Endamage
Endamage \En*dam"age\ (?; 48), v. t. [imp. & p. p. {Endamaged} (?; 48); p. pr. & vb. n. {Endamaging}.] [Pref. en- + damage: cf. F. endommager.] To bring loss or damage to; to harm; to injure. [R.] [1913 Webster]

The trial hath endamaged thee no way. --Milton. [1913 Webster]


The Collaborative International Dictionary of English. 2000.

Look at other dictionaries:

  • endamage — index disable, harm, persecute Burton s Legal Thesaurus. William C. Burton. 2006 …   Law dictionary

  • endamage — [en dam′ij] vt. endamaged, endamaging to cause damage or injury to …   English World dictionary

  • endamage — transitive verb Etymology: Middle English Date: 14th century to cause loss or damage to …   New Collegiate Dictionary

  • endamage — /en dam ij/, v.t., endamaged, endamaging. to damage. [1325 75; ME < AF; see EN 1, DAMAGE] * * * …   Universalium

  • endamage — verb To damage. Ne ought he card, whom he endamaged / By tortious wrong, or whom bereaud of right …   Wiktionary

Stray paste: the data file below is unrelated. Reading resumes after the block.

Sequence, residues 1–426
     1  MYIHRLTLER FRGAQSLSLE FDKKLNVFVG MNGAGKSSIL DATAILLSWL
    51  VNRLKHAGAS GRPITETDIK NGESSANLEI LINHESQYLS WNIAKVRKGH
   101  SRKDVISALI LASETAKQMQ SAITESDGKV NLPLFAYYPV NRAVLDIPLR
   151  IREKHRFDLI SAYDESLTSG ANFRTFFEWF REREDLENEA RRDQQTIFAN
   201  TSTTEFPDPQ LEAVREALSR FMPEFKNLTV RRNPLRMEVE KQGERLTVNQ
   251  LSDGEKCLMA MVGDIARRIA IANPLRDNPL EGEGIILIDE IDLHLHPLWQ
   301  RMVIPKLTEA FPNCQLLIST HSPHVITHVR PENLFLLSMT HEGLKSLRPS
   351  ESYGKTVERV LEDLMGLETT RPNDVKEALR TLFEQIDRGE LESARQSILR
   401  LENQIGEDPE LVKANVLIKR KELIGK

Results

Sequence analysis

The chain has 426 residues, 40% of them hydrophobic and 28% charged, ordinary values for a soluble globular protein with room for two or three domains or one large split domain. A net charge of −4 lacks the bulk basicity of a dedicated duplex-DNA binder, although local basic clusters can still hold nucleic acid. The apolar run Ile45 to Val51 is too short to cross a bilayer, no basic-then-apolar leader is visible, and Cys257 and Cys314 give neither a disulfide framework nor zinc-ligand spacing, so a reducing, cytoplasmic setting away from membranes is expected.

• endamage — v. harm, hurt, impair, injure …   English contemporary dictionary

  • endamage — en·damage …   English syllables

  • endamage — en•dam•age [[t]ɛnˈdæm ɪdʒ[/t]] v. t. aged, ag•ing to damage • Etymology: 1325–75; ME < AF en•dam′age•ment, n …   From formal English to slang

  • endamage — …   Useful english dictionary

  • Endamaged — Endamage En*dam age (?; 48), v. t. [imp. & p. p. {Endamaged} (?; 48); p. pr. & vb. n. {Endamaging}.] [Pref. en + damage: cf. F. endommager.] To bring loss or damage to; to harm; to injure. [R.] [1913 Webster] The trial hath endamaged thee no way …   The Collaborative International Dictionary of English

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